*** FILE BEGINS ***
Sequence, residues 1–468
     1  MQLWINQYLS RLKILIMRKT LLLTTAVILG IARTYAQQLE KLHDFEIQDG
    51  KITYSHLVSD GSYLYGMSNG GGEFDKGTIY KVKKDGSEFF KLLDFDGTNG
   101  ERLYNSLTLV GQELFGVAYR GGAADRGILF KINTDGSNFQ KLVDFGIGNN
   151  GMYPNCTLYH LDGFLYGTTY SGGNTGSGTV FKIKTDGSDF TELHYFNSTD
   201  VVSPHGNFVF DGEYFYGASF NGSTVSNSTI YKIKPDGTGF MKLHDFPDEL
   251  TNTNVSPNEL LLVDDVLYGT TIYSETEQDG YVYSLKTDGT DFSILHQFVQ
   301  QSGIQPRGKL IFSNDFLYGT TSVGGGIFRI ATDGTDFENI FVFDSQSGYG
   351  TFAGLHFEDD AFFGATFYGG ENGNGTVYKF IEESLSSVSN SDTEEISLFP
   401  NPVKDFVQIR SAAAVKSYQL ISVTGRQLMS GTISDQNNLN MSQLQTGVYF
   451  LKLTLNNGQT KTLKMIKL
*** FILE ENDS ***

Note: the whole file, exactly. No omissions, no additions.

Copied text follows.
Sequence, residues 1–468
     1  MQLWINQYLS RLKILIMRKT LLLTTAVILG IARTYAQQLE KLHDFEIQDG
    51  KITYSHLVSD GSYLYGMSNG GGEFDKGTIY KVKKDGSEFF KLLDFDGTNG
   101  ERLYNSLTLV GQELFGVAYR GGAADRGILF KINTDGSNFQ KLVDFGIGNN
   151  GMYPNCTLYH LDGFLYGTTY SGGNTGSGTV FKIKTDGSDF TELHYFNSTD
   201  VVSPHGNFVF DGEYFYGASF NGSTVSNSTI YKIKPDGTGF MKLHDFPDEL
   251  TNTNVSPNEL LLVDDVLYGT TIYSETEQDG YVYSLKTDGT DFSILHQFVQ
   301  QSGIQPRGKL IFSNDFLYGT TSVGGGIFRI ATDGTDFENI FVFDSQSGYG
   351  TFAGLHFEDD AFFGATFYGG ENGNGTVYKF IEESLSSVSN SDTEEISLFP
   401  NPVKDFVQIR SAAAVKSYQL ISVTGRQLMS GTISDQNNLN MSQLQTGVYF
   451  LKLTLNNGQT KTLKMIKL